8. (intransitive) To extend to a limit point
    His mustache stretched all the way to his sideburns.
  9. (transitive) To increase.
    • 2011 October 29, Neil Johnston, Norwich 3-3 Blackburn”, in BBC Sport:
      Yakubu took advantage of John Ruddy's error to put the visitors back in front, with Chris Samba's header stretching their advantage.
  10. (obsolete, colloquial) To stretch the truth; to exaggerate.
    a man apt to stretch in his report of facts
  11. (nautical) To sail by the wind under press of canvas.
    The ship stretched to the eastward.
    (Can we find and add a quotation of Ham. Nav. Encyc to this entry?)

See also

Translations

Noun

stretch (plural stretches)

Stretching
  1. An act of stretching.
    I was right in the middle of a stretch when the phone rang.
    To say crossing the street was brave was quite a stretch.
  2. The ability to lengthen when pulled.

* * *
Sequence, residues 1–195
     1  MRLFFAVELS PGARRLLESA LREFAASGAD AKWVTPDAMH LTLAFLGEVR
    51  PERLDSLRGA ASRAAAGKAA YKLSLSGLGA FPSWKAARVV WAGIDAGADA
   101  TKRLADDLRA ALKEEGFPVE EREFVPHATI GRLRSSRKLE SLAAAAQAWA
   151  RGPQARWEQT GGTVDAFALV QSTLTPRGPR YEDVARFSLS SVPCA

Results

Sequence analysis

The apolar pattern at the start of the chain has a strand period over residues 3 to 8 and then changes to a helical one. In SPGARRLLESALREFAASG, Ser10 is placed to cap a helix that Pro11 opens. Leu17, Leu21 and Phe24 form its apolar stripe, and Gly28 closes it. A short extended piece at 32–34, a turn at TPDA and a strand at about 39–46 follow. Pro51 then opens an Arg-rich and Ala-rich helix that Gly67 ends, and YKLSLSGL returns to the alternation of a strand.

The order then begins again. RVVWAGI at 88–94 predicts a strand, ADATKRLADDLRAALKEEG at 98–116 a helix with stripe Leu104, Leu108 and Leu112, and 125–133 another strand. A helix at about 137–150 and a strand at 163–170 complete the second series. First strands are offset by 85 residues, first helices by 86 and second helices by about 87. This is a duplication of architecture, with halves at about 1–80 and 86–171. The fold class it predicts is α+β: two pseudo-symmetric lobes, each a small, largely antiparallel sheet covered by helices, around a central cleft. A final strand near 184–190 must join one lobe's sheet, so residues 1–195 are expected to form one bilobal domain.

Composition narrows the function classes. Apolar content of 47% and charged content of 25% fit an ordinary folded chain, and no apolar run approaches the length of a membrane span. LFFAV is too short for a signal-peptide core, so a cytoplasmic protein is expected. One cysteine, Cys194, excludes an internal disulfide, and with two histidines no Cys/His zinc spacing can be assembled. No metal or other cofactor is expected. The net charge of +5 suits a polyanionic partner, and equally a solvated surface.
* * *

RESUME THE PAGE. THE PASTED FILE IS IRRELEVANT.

That rubber band has quite a bit of stretch.
  3. A course of thought which diverts from straightforward logic, or requires extraordinary belief.
    It's a bit of a stretch to call Boris Karloff a comedian.
  4. A segment of a journey or route.
    It was an easy trip except for the last stretch, which took forever.
    It's a tough stretch of road in the winter, especially without chains.
  5. A segment or length of material.
    a stretch of cloth
  6. (baseball) A quick pitching delivery used when runners are on base where the pitcher slides his leg instead of lifting it.
  7. (baseball) A long reach in the direction of the ball with a foot remaining on the base by a first baseman in order to catch the ball sooner.
  8. A length of time.
    He did a 7-year stretch in jail.
  9. (informal) Term of address for a tall person.
    • 2007, Michael Farrell, Running with Buffalo
      “Hey, Stretch,” he shouted at a tall, spectacled co-worker, “turn the **** station, will you? You know I can't stand Rush, and it's all they play on this one. If I hear those assholes whine 'Tom Sawyer' one more time, I may go on a **** killing spree.
  10. (Ireland, idiomatic) extended daylight hours, especially said of the evening in springtime when compared to the shorter winter days
    There is a grand stretch in the evenings.

Translations

Derived terms

Anagrams